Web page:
Animal Learning: An Introduction by Stephen Walker

By Stephen Walker

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For our purposes it is convenient to refer to this as concerning attention — in intact vertebrates, and especially in birds and mammals (Mackintosh, 1975) we assume that there is some degree of gating for incoming stimuli, so that insignificant, and habituated, stimuli are not processed in the same way as novel or important ones (see chapter 8). Clearly this involves multi- stage and hierarchically organized perceptual systems, and we would not wish to invoke attention of this kind when discussing the synapses or an individual neuron in the frog spinal cord or in the abdominal ganglia of Aplysia, in (iii) above.

In the same way, it is often useful to describe the phenomena of Pavlovian, or classical, conditioning, as if they were the result of a single set of processes. With the understanding that, since habituation to repeated stimuli may involve very complex cognitive processes, we cannot fix habituation on the bottom rung of a ladder of mechanisms of learning, it is possible to classify Pavlovian conditioning as descriptively slightly more elaborate than habituation, since, at a minimum, it involves two stimuli and one response, instead of only one stimulus and 57 one response.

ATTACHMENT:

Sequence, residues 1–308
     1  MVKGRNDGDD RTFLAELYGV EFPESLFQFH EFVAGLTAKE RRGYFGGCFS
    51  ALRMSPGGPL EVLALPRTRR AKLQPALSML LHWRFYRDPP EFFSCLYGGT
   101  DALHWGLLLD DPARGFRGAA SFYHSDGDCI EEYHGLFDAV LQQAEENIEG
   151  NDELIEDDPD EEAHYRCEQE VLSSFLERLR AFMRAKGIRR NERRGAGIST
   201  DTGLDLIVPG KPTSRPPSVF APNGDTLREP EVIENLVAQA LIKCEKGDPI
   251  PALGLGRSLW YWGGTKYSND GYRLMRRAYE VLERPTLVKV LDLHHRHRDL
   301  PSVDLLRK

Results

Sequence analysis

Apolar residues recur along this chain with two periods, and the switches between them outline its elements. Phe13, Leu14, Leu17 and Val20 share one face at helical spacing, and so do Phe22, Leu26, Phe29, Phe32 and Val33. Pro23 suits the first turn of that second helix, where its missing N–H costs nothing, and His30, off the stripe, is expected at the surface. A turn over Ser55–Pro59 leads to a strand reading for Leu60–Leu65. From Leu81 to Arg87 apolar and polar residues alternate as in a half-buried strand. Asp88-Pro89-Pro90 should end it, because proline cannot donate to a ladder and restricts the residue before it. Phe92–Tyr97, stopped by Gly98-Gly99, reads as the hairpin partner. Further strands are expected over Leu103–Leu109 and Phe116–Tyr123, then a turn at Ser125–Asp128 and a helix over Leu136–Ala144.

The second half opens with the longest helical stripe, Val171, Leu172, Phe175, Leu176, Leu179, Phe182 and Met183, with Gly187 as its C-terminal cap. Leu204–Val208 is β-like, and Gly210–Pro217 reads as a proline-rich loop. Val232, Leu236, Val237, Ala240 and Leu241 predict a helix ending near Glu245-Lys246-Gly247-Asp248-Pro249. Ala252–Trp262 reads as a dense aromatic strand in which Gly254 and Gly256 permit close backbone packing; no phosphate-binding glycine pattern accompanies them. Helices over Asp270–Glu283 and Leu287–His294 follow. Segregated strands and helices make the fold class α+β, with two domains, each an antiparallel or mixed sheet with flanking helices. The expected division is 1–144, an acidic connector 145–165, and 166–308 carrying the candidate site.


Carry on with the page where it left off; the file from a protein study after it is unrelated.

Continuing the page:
56 3 Pavlovian conditioning ‘So infinitely complex, so continuously in flux,. are the conditions of the world around, that the complex animal system which is itself in living flux, and that system only, has a chance to establish dynamic equilibrium with the environment. Thus we see that the most general function of the hemispheres is that of reacting to signals presented by innumerable stimuli of interchangeable signification’. The conclusion of Lecture I, Conditioned Reflexes, Pavlov (1927) Pavlov’s theories It is a great advantage to be able to discuss the phenomena of habituation with a set of common descriptive terms — to ask how fast the response decrement is, how long the recovery takes, and which alternative stimuli result in dishabituation — even though it is quite inescapable that the mechanisms which cause the phenomena may be as different as the knee jerk and visual pattern recognition.

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